And that’s a huge opportunity for kountable– mixing a technology platform with short-term trade finance, kountable brings something unique to both entrepreneurs and investors.

6. SOCAP TV. If you know me, you know I love TED Talks. So I’m thrilled that SOCAP videotaped their own.

Over three days, 48 speakers delivered creative, bite-size presentations on the Fort Mason improv theatre stage. It’s a brilliant programming addition, designed to keep ideas following post-conference; SOCAP will share each one on their social media platform throughout the upcoming year (get on the SOCAP email list).

If all of the SOCAP TV pitches were all as creative, funny, and impassioned as the two I saw by Andy Lower of ADAP Capital “Getting **it Done: the Four Hour Due Diligence” and Philip Berber of Enable Impact “Can Impact Investing Learn from Online Dating?”…well, then I can’t wait!

7. A Panoramic View of Impact Investing. Fran Seegull is Chief Investment Officer of ImpactAssets and Cathy Clark is Director of CASE i3 at Duke University. I’m already a fan of Fran’s work, so I’ll mention Cathy’s.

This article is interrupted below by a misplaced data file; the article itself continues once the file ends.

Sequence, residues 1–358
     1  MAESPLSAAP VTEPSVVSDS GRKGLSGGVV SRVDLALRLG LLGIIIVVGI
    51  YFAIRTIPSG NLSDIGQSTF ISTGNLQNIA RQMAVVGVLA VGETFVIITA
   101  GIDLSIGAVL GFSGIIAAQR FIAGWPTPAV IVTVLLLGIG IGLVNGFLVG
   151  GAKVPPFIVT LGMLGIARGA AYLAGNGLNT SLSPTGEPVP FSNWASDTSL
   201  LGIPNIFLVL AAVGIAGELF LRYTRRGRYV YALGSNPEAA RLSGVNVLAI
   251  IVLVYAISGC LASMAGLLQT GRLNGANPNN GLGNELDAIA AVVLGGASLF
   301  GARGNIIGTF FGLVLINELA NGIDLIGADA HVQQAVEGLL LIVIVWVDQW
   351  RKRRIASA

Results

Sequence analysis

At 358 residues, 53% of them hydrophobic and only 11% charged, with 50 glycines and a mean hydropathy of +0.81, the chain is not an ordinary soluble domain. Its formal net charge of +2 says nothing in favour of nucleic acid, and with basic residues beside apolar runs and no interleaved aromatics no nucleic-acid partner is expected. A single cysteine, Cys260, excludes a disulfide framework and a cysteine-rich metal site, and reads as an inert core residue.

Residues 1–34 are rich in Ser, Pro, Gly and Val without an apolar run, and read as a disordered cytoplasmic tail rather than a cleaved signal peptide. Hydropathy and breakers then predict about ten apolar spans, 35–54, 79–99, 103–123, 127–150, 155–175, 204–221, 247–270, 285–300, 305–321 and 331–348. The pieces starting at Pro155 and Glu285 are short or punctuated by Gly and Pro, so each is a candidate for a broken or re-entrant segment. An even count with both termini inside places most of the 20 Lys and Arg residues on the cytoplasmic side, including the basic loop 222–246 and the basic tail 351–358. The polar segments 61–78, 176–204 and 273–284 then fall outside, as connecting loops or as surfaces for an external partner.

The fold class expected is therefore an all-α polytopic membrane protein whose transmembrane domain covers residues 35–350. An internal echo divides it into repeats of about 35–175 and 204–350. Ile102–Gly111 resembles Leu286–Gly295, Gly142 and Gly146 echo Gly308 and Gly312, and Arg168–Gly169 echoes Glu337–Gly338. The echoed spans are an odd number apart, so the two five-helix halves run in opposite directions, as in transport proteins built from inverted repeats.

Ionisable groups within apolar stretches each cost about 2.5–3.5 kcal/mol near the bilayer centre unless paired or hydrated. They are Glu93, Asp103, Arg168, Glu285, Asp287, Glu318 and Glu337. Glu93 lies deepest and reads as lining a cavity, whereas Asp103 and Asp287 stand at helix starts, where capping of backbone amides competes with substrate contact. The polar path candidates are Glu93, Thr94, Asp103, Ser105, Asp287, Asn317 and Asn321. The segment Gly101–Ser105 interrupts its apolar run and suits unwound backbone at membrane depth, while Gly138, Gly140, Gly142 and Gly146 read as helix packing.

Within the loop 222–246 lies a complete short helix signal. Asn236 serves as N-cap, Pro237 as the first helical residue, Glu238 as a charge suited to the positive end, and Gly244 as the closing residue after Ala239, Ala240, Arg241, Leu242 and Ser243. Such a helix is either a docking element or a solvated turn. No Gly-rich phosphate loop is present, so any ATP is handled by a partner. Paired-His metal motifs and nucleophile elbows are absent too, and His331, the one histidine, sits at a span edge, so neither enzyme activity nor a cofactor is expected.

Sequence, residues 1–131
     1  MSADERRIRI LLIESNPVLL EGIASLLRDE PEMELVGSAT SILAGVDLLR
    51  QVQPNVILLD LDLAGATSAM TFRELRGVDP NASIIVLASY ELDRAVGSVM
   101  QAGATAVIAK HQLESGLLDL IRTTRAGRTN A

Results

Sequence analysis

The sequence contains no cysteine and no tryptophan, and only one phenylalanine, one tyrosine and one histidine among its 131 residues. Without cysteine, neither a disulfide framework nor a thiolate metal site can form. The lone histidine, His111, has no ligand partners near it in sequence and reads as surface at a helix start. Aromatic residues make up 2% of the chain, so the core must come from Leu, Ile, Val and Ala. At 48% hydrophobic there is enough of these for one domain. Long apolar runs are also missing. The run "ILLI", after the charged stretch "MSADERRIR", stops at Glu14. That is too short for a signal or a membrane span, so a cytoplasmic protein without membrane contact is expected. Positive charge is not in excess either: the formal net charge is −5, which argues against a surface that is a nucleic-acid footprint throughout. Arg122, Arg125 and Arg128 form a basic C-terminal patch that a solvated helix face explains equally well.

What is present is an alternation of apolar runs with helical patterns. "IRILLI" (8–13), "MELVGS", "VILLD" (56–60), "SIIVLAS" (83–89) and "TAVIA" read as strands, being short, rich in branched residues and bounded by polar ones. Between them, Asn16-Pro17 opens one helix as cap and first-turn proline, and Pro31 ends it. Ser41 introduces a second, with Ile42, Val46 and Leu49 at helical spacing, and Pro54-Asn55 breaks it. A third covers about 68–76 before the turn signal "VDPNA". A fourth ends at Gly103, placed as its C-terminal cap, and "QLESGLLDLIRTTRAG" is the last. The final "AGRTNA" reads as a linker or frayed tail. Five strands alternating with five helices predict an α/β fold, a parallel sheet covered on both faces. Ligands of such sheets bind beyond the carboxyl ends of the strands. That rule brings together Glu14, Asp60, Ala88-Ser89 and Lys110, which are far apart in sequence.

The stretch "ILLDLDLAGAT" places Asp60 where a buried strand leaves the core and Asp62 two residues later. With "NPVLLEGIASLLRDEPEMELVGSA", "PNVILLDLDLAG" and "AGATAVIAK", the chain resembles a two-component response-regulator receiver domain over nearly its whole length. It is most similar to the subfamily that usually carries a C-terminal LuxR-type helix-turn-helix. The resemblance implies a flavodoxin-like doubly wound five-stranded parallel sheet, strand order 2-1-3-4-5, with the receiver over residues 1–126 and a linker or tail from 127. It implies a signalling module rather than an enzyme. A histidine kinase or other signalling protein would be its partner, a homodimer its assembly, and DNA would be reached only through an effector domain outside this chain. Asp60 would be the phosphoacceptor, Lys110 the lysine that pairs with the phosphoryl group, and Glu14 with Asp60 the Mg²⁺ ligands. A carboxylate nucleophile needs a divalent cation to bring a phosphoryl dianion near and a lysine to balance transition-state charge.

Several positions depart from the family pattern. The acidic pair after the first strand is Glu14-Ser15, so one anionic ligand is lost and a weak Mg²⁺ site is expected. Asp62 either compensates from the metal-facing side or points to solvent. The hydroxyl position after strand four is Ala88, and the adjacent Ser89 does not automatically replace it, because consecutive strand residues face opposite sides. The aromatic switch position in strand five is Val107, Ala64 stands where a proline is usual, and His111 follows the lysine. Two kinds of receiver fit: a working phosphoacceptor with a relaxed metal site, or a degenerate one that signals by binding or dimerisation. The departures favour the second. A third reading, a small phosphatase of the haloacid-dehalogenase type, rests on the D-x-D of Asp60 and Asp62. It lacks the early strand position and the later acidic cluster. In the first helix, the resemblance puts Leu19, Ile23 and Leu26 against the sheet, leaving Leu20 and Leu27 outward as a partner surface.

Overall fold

Knowing that it’s difficult for social entrepreneurs to translate what they are doing to what investors want, CASE has crafted a series of free online learning modules. They are also allowing impact ventures, impact investors, and advisors to beta test Smart Impact Capital modules. I’ve signed up—it’s a great way to learn more.

8. Bravery in Virunga. I somehow missed that Prince Emmanuel de Merode would be among SOCAP’s plenary session speakers. When he walked on stage, my brain snapped out of impact investing mode. I refocused on the words of a man who brought me to tears when I watched the movie Virunga before gorilla trekking in Rwanda this Spring. Prince Emmanuel is bravery. He is humility, love and perseverance.

The illegal exploitation of resources is the underlying driver for a Congolese civil war in which over six million people have died. It’s the most tragic war in terms of human suffering since WWII.